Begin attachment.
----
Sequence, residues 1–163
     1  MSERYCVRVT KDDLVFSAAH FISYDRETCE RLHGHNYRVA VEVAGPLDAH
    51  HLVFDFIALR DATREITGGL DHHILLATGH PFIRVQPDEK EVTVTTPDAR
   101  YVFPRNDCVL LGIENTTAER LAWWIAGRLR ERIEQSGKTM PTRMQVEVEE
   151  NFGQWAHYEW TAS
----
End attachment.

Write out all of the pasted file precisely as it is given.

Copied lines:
Sequence, residues 1–163
     1  MSERYCVRVT KDDLVFSAAH FISYDRETCE RLHGHNYRVA VEVAGPLDAH
    51  HLVFDFIALR DATREITGGL DHHILLATGH PFIRVQPDEK EVTVTTPDAR
   101  YVFPRNDCVL LGIENTTAER LAWWIAGRLR ERIEQSGKTM PTRMQVEVEE
   151  NFGQWAHYEW TAS